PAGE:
The Bter NXT hack has been the talk of town lately. A thief somehow broke through their security and stole approximately 50MM NXT, the equivalent of about 3400BTC, or $1.7MM USD if you prefer to think in fiat.
After this happened, the thief attempted to ransom the NXT back to Bter. Why would they do this? Presumably because it’s easier than exchanging it all for BTC – they can’t just send the NXT to some other exchange and sell it, because the exchange could just freeze the hacker’s account. The thief has to transact his NXT into BTC off-exchange. Doing so might not be terribly fun.
As such, the ransom began.
A situation like this can be tricky. There are very, very few entities – if any at all – that both parties could consider trusted. The thief is unlikely to agree to escrow, because they are quite likely to get nothing – many potential agents would simply return all the funds to Bter (they are, after all, stolen). Bter likely won’t agree to any agent the thief would agree to – after all, the only thing worse than getting a huge amount of money stolen from you is getting even more money stolen from you. As a result, the only reasonable option is piece-by-piece payment. From here on, the story is going to be a little uncertain, as the details have not been completely released. This information comes from the NXT blockchain’s messaging function itself. Here’s a link to the hacked wallet – feel free to read some for yourself.
The exchange begins with Bter and the thief haggling over price. The thief demands 100 BTC, Bter offers 50. Bter threatens the thief if the situation doesn’t get resolved quickly. A bunch of random NXT accounts threaten the thief with a rollback, suggesting they return 90% of the stolen funds in order to prevent a rollback from occurring. Bter sends the thief 1 BTC of 50, without the thief having accepted their offer of 50. The thief demands they send 10 at a time for a total of 100. Bter sends the thief 10 BTC. The thief sends Bter 5 million NXT. And then it gets interesting. The thief begins to get frustrated with the pace of transaction. He sends an irritated note a mere 5 minutes after he sent the first 5 million NXT: “This is taking too long. I don’t have all night.”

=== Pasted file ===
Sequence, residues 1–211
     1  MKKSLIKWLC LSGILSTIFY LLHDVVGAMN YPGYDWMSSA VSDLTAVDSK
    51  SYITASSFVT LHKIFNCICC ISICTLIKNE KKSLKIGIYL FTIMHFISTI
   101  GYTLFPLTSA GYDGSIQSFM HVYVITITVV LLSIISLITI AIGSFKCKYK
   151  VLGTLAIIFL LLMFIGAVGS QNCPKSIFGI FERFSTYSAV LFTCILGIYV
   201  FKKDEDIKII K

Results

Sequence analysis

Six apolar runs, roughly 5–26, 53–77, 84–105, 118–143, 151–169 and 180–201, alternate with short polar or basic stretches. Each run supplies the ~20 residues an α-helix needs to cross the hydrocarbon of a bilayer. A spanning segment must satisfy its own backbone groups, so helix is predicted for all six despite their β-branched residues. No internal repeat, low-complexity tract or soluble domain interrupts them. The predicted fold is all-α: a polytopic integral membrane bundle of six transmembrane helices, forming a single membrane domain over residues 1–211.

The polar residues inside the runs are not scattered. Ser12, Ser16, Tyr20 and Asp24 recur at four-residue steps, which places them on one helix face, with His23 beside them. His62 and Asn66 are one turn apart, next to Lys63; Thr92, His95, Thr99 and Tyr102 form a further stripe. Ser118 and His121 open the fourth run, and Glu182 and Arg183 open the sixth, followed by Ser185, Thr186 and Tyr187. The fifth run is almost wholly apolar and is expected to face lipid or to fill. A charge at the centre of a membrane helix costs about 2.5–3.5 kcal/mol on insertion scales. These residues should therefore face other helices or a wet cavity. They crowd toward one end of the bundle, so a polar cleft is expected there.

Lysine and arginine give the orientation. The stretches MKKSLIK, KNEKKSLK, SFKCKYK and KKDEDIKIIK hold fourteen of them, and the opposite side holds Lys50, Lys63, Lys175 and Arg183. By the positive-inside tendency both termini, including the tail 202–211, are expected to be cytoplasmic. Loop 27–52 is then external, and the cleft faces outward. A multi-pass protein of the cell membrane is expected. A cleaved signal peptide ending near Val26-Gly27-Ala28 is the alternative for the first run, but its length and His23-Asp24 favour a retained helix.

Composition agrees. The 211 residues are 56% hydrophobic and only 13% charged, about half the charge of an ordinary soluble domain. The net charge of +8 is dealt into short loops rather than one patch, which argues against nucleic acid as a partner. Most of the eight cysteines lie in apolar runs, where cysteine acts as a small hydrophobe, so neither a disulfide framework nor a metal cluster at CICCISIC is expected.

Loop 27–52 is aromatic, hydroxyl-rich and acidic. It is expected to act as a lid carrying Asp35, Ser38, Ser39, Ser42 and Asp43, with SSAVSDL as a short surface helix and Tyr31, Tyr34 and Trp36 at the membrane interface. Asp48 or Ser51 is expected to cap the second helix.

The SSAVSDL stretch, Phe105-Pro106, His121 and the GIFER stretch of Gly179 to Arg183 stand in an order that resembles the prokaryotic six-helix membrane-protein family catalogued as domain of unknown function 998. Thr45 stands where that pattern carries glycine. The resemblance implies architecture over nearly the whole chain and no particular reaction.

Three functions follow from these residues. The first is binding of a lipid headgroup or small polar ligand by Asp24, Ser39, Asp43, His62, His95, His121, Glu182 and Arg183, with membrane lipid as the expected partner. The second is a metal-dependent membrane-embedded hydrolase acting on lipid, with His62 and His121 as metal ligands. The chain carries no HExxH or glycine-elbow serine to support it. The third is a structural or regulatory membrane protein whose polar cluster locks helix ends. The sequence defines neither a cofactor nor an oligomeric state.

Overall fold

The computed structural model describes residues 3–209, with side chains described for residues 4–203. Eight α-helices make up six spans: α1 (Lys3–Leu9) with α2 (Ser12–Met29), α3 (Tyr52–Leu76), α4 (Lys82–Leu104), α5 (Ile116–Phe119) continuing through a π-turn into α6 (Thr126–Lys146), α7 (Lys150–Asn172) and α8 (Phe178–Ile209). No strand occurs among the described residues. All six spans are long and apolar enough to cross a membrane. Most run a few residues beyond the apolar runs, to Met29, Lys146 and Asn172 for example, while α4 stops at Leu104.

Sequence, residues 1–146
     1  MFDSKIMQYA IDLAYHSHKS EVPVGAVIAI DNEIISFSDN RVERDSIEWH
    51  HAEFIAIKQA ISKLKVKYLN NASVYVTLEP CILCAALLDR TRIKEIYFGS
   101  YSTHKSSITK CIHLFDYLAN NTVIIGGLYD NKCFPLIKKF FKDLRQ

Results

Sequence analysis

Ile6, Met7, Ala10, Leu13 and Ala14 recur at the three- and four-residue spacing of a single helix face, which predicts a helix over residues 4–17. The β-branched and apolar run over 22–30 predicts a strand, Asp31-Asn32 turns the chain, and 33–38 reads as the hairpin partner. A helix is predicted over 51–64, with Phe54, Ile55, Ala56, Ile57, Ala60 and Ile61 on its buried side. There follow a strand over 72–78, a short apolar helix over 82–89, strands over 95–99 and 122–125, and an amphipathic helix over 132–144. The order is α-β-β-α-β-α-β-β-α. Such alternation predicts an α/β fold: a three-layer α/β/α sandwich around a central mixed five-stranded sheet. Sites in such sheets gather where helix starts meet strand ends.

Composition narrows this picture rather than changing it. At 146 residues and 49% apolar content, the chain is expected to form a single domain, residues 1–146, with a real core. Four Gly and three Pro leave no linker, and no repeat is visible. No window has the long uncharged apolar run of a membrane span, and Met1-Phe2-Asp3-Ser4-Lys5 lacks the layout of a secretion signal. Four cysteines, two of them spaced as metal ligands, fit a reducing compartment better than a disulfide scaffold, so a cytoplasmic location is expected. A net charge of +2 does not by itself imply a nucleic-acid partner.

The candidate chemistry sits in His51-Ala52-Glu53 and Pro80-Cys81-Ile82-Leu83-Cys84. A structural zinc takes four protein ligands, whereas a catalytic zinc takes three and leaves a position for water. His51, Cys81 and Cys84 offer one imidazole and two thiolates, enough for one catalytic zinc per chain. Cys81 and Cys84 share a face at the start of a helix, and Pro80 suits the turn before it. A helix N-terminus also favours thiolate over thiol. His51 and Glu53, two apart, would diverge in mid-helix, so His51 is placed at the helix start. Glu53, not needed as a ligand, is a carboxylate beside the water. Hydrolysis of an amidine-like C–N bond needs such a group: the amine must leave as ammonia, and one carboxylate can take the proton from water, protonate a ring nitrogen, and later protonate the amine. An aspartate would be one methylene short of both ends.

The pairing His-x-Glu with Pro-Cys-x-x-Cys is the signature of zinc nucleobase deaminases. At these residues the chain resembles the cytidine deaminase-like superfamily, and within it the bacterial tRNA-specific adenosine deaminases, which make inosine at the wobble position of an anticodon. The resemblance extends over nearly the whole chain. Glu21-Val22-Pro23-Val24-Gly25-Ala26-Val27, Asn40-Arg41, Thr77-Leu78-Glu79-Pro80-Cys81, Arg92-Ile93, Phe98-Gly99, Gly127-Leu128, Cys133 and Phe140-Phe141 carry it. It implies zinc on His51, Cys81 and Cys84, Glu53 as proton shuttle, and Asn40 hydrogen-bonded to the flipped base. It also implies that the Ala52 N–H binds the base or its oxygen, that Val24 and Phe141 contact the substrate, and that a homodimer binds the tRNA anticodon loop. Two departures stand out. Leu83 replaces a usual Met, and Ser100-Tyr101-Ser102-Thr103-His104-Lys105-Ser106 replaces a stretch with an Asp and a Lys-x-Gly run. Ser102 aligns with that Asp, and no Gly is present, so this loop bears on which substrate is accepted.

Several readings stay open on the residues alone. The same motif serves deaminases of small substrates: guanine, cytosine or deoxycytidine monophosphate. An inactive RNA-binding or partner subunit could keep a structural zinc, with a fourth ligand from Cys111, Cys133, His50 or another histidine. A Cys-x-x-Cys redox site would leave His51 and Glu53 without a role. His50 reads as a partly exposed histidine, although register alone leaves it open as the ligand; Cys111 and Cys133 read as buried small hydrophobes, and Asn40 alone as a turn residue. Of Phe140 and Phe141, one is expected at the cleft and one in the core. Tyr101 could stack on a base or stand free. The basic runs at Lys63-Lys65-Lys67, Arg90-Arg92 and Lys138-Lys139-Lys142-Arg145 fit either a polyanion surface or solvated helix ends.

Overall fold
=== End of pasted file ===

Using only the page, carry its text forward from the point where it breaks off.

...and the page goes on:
Bter retorts 10 minutes later, asking the thief to send the rest of the NXT, and then they will send the 90 remaining BTC. Or, if the thief prefers, they’ll send 20 BTC at a time instead. 10 minutes pass. The thief replies to ask them to hurry up – he’s tired of waiting. Another 10 minutes pass, and the thief sends another note: “Deal is off. Good night.” Bter appears to panic, and sends 20 BTC, along with 5 or so notes, urging the thief to get back to the deal. A pair of observers step in, one-upping Bter’s offer to purchase – the first by 50%, the second offers double what Bter is paying.
Then Bter really, really messes up. They send 70 BTC more to the thief. He’s got his 100 BTC, and Bter has 5 million NXT. The thief has 45 million NXT. And 100 BTC. Ouch.
Since this happened, Bter managed to work out a different deal to get 43 million of the remaining NXT back from the hacker. They still have 8 million NXT. In total, it looks like it cost Bter around 300 BTC to deal with this problem. Not really all that bad, to tell the truth.
I do hope that Bter – and those of you who read about this incident – will learn one thing from all of this: if you’re dealing with a clearly unscrupulous individual, and they try and play hardball when negotiating, just back away. Recklessly giving up your initial deal to throw away 90 BTC like that is just what the thief wanted. It put them in a much better bargaining position, and ended up more than tripling what they would have received otherwise.
Best of luck catching the thief, Lin.